A Forecast for the Next Eleven Years

Today we’ll review one of the single best pieces of economic / political / social analysis I’ve been lucky enough to see. Read this post and you’ll have an extremely important input for how the world will proceed over the next eleven years. How can I make such a statement? Because this analysis landed on my screen in December, 2007, and it covered the time period from 1995 through 2024, and it has been working extremely well. I promised more about cycles. This is from the world of cycles.

Understand this analysis and you will understand what Ben Bernanke of the US Federal Reserve has publicly admitted has been befuddling him and his colleagues.

At the time of publication at the end of 2007, this analysis said that we had reached a major turning point: That while the period from 1995 through 2007 had been characterized by optimism (think of all the “new era” talk), manias (think bubbles in stocks and real estate), high confidence, free enterprise, free trade, globalization, unfettered capitalism, and so forth–all of which had clearly been at the forefront during that period–that the period from 2008 through 2024 would be characterized by caution, fear, contraction, pessimism, restrictions on freedom, economies planned by the state, trade barriers, low confidence, and so forth. Here is part of what was presented:

Manfred_Pluto_Switch_ed

To put it mildly, an awful lot of people would have benefited if they had known about this huge switch that did occur, just as predicted, in January 2008. It really was as if, at the end of 2007, someone threw a big switch and changed things dramatically. Central bankers and politicians around the world are still scratching their collective balding heads about why all of the things they used to do in the past, things that would work to stimulate economies, are barely working today. At first they used their old tried-and-true methods–lowering interest rates, feigning confidence, stuffing cash into the banks, spending money on stimulus plans–and they got an anemic recovery at best. So they pulled out the really big guns. “Unconventional” methods, as they call them. Also known collectively as printing money. Lots of it. Enough since 2009 that they have basically tried to add the equivalent of one year of the US economy to the global economy.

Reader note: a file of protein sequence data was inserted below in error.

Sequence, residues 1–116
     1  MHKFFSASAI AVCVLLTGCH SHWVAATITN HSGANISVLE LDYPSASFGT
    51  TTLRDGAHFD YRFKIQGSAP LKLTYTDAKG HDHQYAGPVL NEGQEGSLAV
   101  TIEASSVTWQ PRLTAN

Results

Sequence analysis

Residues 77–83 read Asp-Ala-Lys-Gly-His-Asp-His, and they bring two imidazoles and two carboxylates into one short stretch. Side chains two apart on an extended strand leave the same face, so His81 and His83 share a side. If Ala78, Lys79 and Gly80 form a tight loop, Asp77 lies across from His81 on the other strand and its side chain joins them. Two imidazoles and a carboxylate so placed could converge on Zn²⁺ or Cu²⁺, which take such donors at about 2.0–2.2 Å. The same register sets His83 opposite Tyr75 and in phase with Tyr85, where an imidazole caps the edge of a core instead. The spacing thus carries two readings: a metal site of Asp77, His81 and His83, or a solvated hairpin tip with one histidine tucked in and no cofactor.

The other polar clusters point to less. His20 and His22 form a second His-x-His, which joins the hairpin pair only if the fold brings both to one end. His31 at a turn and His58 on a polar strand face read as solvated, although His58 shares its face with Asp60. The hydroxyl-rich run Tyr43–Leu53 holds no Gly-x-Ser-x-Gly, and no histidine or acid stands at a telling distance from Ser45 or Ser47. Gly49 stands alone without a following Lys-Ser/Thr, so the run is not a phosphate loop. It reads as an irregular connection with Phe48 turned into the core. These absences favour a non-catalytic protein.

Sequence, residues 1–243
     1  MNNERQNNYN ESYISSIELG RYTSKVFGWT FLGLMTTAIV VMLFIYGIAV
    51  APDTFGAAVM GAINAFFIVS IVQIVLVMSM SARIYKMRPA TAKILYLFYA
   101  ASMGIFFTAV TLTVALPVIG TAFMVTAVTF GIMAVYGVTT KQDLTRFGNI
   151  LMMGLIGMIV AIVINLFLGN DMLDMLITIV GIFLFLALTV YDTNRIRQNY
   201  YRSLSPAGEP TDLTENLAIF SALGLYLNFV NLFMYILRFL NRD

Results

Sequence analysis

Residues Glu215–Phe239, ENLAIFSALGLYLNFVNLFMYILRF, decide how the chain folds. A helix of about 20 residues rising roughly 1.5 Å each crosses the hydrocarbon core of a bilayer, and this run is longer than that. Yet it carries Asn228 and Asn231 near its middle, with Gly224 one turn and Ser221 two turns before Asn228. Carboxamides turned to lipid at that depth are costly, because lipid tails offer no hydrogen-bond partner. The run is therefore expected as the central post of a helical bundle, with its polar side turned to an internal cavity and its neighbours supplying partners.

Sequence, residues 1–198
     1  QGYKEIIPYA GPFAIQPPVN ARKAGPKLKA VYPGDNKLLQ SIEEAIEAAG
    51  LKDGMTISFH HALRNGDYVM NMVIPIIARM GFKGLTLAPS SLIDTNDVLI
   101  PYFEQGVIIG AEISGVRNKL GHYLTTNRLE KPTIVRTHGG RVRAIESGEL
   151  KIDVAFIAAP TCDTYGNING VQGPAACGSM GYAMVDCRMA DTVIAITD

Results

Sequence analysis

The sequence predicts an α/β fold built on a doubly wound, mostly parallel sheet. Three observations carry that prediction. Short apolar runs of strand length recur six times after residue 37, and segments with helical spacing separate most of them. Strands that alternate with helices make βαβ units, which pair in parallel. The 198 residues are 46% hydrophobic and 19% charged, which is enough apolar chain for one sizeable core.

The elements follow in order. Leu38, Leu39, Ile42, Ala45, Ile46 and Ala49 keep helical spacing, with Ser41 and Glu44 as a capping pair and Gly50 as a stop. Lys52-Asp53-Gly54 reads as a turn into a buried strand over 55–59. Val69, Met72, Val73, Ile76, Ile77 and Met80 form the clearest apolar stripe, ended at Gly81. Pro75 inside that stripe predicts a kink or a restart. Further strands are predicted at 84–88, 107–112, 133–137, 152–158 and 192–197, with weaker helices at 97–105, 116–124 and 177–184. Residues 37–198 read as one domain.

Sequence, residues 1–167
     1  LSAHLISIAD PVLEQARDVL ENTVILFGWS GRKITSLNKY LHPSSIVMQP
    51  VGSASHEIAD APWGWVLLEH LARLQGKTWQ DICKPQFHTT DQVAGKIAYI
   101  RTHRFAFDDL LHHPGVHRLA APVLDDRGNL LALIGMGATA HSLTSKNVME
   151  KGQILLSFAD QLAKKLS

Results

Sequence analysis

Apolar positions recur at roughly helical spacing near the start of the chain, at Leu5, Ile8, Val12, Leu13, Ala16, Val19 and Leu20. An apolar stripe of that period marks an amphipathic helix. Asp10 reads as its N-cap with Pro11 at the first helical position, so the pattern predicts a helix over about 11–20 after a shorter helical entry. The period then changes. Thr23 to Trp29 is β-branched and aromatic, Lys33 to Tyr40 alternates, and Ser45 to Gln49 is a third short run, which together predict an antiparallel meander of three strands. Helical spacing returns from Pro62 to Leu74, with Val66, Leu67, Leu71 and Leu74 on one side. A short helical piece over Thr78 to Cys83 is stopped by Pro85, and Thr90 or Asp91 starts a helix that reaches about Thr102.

What has it got them? Well, since the printed money went into buying assets rather than creating jobs, the rich and their vendors–Sotheby’s, Porsche, Armani, et al–have done very well. Everyone else, not so well. The huge divide between rich and poor is widening at an accelerating pace. Historically, that has always been a dangerous setup. You can only push people so far before they push back. Sometimes fiercely. Overall, what it got them was continuing recession and debt crises in Europe, a US economy with paltry growth at best, and China joined the club of getting themselves over-indebted to keep their economy growing, but now that excess of debt is coming back to bite them and their economy is rapidly losing steam. Japan remains in near-continuous recession no matter what they do.

Since the analysis above has been working remarkably well for 18 years, it makes a whole lot of sense to figure that it will keep working for the next eleven years. That was the claim for this cycle, that it would have two phases, one from 1995 through 2007, and the second, radically different in tone, from 2008 through 2024.